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Loeb Fellowship announces 2018-2019 cohort

The Loeb Fellowship at the Harvard Graduate School of Design is pleased to announce the incoming class of 2018-2019 fellows.

Each year, the Fellowship selects a group of exceptional mid-career practitioners who influence the shaping of the built and natural environment, for a year of independent study at Harvard University. The fellows receive financial support and virtually unlimited access to the educational resources of Harvard and MIT. Representing a broad spectrum of expertise–architects, public artists, urban planners, journalists, landscape architects, civic leaders, policy makers–they come from around the world with a common purpose: to strengthen their ability to advance positive social outcomes and support a more equitable collective future. After stepping away from their professional lives for a transformative year of learning in residence, they join a powerful worldwide network of over 450 lifelong Loeb fellows.

The Loeb Fellowship is led by program curator John Peterson, founder of Public Architecture, a national nonprofit organization based in San Francisco.

The 2018-2019 Loeb Fellows are:

Stephen Burks, Principal, Stephen Burks Man Made (New York & Barcelona)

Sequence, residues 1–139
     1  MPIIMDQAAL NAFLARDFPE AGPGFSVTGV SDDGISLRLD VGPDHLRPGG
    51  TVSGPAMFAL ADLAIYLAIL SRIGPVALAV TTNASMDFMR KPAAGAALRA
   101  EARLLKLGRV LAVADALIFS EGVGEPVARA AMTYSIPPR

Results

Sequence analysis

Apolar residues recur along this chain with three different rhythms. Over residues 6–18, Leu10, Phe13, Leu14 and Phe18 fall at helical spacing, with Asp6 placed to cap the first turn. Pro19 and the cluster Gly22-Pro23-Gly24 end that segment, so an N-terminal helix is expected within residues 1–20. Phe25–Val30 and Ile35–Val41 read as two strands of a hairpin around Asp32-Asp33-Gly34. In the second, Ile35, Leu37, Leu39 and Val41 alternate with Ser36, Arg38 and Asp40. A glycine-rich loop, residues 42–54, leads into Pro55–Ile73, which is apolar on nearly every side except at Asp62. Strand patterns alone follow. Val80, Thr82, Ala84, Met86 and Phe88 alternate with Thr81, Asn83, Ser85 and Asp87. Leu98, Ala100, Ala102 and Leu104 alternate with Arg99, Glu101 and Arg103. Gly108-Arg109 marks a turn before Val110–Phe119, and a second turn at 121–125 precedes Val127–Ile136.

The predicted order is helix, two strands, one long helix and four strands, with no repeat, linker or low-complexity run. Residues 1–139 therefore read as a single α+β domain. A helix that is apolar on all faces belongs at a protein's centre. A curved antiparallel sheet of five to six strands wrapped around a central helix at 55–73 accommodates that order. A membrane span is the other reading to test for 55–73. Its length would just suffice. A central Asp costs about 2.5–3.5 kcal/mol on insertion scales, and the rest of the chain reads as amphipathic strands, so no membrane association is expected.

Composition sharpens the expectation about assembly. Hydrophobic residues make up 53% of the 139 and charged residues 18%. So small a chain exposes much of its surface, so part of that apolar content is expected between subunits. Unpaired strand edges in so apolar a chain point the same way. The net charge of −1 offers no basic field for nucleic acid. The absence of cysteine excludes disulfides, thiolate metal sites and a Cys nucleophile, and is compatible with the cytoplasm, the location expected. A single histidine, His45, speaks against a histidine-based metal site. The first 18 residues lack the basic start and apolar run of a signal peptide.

Stephen Burks believes in a pluralistic vision of design inclusive of all cultural perspectives. For his efforts with artisan groups around the world, he has been called a design activist. His ongoing Man Made project bridges the gap between authentic developing world production, industrial manufacturing, and contemporary design. Independently and through association with the nonprofits Aid To Artisans, Artesanias de Colombia, the Clinton Global Initiative, Design Network Africa, and the Nature Conservancy, Burks has consulted on product development with artisan communities throughout the world. In addition, leading, design-driven manufacturers have commissioned him to develop lifestyle collections that engage hand production as a strategy for innovation. Burks received the Illinois Institute of Technology Alumni Professional Achievement Award, the Brooklyn Museum Modernism Young Designer Award, the Architektur and Wohnen Audi Mentor Prize, the 2008 United States Artists Target Fellowship, and the 2015 Smithsonian Cooper Hewitt National Design Award in Product Design.